I, like many people, remember being captivated by the man in the turtleneck sweater, who told us we were children of the stars and made you believe that one day we might return. It was a time before the Internet and cable television, when science programming was a rarity. As a young boy, I sat and watched, mesmerized as much by the man as by the unfolding universe he introduced to us. We were beginning our first steps into the outer solar system with the Pioneer and Voyager programs, and it seemed that humanity’s future was just on the horizon. Sagan brought these new worlds to our living rooms, in a way that educated, but also inspired us as well.
It would not be until much later that I would realize the full scope of the man’s work. He was not only an astronomer and television host, but an educator, author, and advocate of science and reason. As a professor at Cornell, he was involved with the scientific exploration of the solar system from the early days of NASA, with the highlight of his academic career undoubtedly being his scientific contributions to the exploration of the four gas giants and their moons.
His efforts at outreach were at first strongly criticized by many in the scientific community, however. Like many pioneers, he challenged the status quo of his time. Similarly, his support and research into the search for extra-terrestrial intelligence were met with derision in some camps. Sagan was a fervent critic of pseudo-science, and ruffled many feathers by debunking extraordinary and unsupported claims of supernatural abilities, especially astrology. His warnings about global warming were largely ignored, despite demonstrating that this was the same greenhouse effect that had turned Venus into an inhospitable wasteland. His greatest and most lasting legacy, though, is the children he inspired to embrace science and the children-at-heart who learned to appreciate the world of which they were a part.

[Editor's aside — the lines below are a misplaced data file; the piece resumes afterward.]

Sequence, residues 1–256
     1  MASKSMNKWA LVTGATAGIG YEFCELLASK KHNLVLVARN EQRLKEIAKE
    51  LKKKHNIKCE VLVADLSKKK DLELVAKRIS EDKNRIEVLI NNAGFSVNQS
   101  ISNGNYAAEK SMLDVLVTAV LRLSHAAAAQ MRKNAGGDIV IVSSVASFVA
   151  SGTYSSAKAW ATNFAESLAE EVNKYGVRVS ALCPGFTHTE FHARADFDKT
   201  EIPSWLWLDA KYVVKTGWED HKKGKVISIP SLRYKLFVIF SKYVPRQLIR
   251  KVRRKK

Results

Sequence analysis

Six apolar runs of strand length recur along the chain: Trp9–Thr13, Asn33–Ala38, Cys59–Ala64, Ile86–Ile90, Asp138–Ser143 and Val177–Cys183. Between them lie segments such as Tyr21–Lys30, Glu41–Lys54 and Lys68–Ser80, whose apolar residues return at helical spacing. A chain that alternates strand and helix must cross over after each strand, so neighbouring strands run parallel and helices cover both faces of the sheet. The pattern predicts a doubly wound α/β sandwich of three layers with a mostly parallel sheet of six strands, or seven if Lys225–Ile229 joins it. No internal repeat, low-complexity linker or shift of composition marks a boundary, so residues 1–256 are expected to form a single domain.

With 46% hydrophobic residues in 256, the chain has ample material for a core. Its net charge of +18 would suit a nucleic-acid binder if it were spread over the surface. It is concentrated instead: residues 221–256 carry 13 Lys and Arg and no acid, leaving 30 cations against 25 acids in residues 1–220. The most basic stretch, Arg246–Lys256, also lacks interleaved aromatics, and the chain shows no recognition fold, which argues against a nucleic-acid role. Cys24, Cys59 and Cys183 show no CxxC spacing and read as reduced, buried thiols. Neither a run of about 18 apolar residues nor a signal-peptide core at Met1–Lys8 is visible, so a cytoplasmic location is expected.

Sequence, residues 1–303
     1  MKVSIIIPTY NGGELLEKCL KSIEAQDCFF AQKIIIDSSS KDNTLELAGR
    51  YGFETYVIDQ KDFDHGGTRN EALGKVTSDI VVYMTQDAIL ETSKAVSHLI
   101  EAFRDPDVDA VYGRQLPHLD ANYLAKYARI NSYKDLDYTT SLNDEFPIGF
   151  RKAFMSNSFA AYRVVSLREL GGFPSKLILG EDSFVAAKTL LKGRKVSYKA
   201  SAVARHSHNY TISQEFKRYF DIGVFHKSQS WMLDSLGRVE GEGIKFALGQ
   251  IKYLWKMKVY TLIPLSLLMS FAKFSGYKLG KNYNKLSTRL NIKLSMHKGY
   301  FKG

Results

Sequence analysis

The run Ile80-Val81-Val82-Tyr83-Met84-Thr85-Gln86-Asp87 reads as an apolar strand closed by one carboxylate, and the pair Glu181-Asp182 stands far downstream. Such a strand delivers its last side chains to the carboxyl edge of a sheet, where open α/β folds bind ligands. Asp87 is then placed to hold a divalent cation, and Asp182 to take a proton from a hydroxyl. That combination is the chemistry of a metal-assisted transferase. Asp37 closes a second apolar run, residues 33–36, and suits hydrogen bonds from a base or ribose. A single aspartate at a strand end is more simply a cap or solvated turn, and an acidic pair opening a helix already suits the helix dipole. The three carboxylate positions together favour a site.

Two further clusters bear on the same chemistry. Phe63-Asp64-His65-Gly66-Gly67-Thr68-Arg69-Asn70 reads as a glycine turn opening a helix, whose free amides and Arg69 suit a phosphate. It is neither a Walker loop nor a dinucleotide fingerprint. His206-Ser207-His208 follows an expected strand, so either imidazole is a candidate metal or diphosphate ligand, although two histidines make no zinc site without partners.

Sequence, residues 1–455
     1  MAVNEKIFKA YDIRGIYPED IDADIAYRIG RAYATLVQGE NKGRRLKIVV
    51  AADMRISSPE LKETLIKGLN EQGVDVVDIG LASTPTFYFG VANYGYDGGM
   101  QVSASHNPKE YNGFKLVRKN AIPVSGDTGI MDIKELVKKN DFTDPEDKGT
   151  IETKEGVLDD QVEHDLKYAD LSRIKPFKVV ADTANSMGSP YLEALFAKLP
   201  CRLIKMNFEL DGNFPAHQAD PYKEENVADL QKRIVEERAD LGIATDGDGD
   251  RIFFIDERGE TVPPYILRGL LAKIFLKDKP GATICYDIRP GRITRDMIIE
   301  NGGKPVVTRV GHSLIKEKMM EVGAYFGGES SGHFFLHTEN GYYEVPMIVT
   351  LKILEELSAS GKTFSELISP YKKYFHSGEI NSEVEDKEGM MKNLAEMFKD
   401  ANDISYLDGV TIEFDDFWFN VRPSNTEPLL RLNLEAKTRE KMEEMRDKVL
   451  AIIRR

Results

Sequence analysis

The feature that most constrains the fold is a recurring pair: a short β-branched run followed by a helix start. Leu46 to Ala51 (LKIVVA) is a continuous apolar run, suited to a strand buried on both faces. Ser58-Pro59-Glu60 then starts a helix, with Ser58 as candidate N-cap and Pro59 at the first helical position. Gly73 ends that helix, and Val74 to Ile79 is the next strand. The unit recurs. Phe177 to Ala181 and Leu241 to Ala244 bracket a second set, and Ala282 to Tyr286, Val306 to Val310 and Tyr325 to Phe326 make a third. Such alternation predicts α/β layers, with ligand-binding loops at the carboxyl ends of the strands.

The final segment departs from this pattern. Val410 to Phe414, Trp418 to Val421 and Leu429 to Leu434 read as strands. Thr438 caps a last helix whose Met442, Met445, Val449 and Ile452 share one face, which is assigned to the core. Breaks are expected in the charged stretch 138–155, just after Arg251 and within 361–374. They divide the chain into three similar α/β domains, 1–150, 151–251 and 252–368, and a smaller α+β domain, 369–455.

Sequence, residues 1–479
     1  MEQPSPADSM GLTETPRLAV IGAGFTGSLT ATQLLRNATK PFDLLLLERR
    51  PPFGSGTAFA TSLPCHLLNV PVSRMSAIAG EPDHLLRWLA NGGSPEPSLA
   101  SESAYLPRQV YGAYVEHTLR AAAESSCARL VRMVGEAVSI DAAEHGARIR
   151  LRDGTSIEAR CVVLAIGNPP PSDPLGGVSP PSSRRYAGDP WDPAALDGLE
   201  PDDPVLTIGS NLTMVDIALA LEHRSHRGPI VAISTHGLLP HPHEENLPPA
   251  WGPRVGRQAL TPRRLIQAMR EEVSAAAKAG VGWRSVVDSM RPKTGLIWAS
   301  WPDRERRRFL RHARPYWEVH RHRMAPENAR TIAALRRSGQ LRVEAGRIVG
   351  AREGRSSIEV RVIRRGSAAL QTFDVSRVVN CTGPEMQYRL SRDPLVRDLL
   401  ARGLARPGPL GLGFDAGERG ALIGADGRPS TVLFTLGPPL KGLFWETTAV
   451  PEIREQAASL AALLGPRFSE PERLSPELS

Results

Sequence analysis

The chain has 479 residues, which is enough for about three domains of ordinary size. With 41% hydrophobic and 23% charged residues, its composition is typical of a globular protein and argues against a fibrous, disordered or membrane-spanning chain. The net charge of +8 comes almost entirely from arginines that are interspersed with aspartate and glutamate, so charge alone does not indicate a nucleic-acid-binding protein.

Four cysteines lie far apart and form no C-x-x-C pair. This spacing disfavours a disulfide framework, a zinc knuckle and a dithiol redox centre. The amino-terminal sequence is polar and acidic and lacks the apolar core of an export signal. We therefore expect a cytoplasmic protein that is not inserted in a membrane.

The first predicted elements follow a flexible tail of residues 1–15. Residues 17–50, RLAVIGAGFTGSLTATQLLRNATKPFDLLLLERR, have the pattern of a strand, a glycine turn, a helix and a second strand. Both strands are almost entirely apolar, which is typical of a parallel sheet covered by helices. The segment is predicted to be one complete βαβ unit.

We should all hope to live a life as full of wonder at the vastness and beauty of the universe as he did.
- The cosmos is also within us, we’re made of star-stuff. We are a way for the cosmos, to know itself. (metafilter.com)
- A Universe Not Made For Us HD: Carl Sagan on religion, geocentrism [Carl Sagan Tribute Series] – YouTube (sustainabilityandbeauty.wordpress.com)
- The Green Universe: Carl Sagan (sierraclub.typepad.com)
- Carl Sagan Day 2012 Approaches! (skepticalteacher.wordpress.com)